Sitting in the theater waiting for Watchmen to begin, I turned to my friend and fellow comic-book geek and remarked that it didn't feel real. He agreed -- for the two of us to be sitting there, about to watch the movie based on a graphic novel we'd been reading and enjoying for 20 years, was truly bizarre. Were we in some far-flung future, where comic-accurate, impeccably cast comic book adaptations were an everyday occurrence? Apparently! Not that complete authenticity was of tantamount importance to me -- I loved the comic book, and I wanted to see the source material respected, but the movie wasn't going to replace the book in my heart and mind, so as long as it didn't embarrass me, I would have been cool with it. Luckily, it not only didn't embarrass me, it impressed the hell out of me. For director Zack Snyder to take such a rich, multi-layered, non-linear narrative and condense it down to a intelligent, action-packed, beautiful movie, keeping so much of what made the original novel great and replacing or removing whatever didn't work, is nothing short of a frickin' miracle. Not only did it keep me entertained for 2 hours and 43 minutes, it actually made me love the book even more. Which is saying something.
Because the original Watchmen graphic novel is not your standard comic book. (And yes, nit-pickers, it is a graphic novel -- though it was first published as 12 individual issues, it was always intended to tell a single story from beginning to end. It may be printed in the "trade paperback" format now, but there is no Watchmen Vol. 2. So there.) And while many reviewers might disagree with me, the film version of Watchmen is not your standard superhero movie. True, it has guys in costumes fighting street-level thugs -- and, later, other costume types -- with the same martial-arts moves you'd see in any of the Batman flicks. But the big difference is that this isn't an origin tale, like Batman Begins or Iron Man or most other superhero films. It's the opposite of an origin, where the heroes are out of the spotlight on the other side, slowly dying and being forgotten about as they reflect on their lives. True, some of the heroes remember their origins over the course of the film -- the masked detective Rorschach explains how he was scarred as a child (and further scarred as an adult), and walking A-bomb Dr. Manhattan remembers being torn apart and pulling himself back together -- but everyone else simply exists as a familiar archetype, forcing the audience to use their brains and piece together their stories from jokes and implications, like a game of Memory. It makes you use your brain even as it punches you in the stomach, in the best way possible.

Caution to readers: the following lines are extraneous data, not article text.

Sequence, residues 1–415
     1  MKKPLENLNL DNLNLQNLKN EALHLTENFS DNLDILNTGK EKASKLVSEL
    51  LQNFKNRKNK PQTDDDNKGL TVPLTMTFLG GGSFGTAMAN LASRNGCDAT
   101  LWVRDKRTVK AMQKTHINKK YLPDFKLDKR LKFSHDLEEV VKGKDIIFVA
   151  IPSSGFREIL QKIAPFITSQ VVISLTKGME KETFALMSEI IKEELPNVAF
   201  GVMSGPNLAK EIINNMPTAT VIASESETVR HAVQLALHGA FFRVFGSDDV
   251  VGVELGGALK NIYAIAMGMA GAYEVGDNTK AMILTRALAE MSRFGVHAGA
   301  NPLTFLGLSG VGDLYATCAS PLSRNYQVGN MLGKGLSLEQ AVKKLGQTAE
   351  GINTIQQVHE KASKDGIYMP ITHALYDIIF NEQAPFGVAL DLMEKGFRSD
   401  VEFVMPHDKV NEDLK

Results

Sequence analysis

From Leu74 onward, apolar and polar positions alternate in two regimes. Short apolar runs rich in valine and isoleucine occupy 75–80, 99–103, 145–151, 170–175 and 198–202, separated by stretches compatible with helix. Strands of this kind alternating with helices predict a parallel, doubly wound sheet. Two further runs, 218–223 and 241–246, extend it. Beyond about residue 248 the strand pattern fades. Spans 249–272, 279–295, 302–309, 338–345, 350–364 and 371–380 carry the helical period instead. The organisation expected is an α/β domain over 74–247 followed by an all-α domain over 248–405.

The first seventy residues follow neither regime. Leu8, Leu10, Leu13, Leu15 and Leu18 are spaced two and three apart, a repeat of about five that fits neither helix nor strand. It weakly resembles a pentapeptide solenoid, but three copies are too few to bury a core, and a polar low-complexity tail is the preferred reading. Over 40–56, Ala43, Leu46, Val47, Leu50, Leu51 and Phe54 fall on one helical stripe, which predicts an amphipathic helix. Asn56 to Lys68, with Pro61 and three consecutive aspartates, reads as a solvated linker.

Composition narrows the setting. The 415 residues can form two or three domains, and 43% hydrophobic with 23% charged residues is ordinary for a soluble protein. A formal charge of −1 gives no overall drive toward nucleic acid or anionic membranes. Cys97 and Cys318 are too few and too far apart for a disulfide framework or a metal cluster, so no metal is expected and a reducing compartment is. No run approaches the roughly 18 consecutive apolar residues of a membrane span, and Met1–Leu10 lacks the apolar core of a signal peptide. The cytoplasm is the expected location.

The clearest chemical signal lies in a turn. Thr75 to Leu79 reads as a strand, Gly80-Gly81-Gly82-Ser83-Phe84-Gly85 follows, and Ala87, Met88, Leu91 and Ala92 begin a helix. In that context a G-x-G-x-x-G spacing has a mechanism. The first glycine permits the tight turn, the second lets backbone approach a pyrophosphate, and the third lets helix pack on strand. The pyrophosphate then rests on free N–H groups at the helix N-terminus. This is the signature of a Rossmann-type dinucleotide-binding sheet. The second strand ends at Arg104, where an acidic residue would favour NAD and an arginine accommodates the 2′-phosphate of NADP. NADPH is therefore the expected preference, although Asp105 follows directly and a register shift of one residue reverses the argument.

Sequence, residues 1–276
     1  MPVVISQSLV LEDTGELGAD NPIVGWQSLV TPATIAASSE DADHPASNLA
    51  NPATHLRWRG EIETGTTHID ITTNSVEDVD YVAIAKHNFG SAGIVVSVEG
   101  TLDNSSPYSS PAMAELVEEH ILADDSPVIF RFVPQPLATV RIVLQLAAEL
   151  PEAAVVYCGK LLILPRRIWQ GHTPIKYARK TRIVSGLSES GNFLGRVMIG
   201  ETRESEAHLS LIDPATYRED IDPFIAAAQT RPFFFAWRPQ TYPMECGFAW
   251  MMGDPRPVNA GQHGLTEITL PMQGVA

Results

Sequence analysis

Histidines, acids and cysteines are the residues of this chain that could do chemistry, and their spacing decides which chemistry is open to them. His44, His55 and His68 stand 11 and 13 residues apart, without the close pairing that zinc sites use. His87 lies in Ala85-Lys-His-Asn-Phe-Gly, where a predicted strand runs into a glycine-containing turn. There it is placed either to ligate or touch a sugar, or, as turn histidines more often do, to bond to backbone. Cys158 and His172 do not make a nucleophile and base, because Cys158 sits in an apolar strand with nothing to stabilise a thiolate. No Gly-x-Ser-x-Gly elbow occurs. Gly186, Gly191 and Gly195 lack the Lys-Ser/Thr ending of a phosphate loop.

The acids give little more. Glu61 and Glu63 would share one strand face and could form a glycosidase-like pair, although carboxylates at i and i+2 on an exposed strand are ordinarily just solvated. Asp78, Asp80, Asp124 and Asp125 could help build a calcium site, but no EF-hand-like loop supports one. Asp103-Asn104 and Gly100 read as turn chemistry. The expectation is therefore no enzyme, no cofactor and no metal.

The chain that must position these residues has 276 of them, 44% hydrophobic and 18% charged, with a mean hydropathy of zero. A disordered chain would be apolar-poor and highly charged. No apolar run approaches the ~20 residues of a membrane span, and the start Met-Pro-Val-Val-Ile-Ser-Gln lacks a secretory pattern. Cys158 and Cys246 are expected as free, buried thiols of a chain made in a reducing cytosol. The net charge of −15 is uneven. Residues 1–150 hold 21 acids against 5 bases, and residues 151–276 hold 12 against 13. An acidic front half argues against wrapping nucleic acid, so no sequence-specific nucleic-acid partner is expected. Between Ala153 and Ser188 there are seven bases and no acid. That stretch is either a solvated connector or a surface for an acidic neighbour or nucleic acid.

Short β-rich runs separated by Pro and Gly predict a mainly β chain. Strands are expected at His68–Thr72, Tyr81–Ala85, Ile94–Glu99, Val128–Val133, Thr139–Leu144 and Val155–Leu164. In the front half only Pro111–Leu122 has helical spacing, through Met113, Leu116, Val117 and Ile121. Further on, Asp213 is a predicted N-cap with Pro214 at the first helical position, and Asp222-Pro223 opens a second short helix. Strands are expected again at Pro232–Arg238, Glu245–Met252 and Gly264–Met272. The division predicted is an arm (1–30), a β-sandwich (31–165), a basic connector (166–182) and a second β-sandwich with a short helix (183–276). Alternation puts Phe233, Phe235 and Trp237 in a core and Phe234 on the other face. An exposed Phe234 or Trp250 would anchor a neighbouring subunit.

Keep in mind that the book doesn't give all of their origins, either. In that way, the movie is remarkably faithful to the book, and everything Snyder cut out was pretty much expendable, if any element of one of Time magazine's 100 greatest novels of the past 80 years can be said to be "expendable." Side stories with minor characters who tangentially interact with the main ones are left as cameos: the newspaper vendor, the New Frontiersman staff, Rorschach's psychiatrist, Captain Metropolis, etc. Certain redundant flashbacks have also been excised. (Ozymandias's origin is one of the few that's in the book and was cut -- it would have been nice to see that one on-screen, but it's not really necessary.) And although the action of the movie has certainly been ramped up, these are still reflective heroes, which means that when they're not punching people, they're engaging in a not-insignificant amount of dialogue, much of it in voiceover. Reviewers can trash-talk the action, but if not for the occasional exploding person or snapped neck, all the talking in this film would have driven me insane, especially when it's Dr. Manhattan doing the gabbing, one of the film's few weak spots. It's not that he talks too much, it's just that Billy Crudup can put me to sleep on a normal day, and when he's trying to sound all HAL 9000, he's like a blue Valium. Rorschach's gravelly voiceover -- which is a little too close to Christian Bale's Batman for my tastes -- at least has some good one-liners.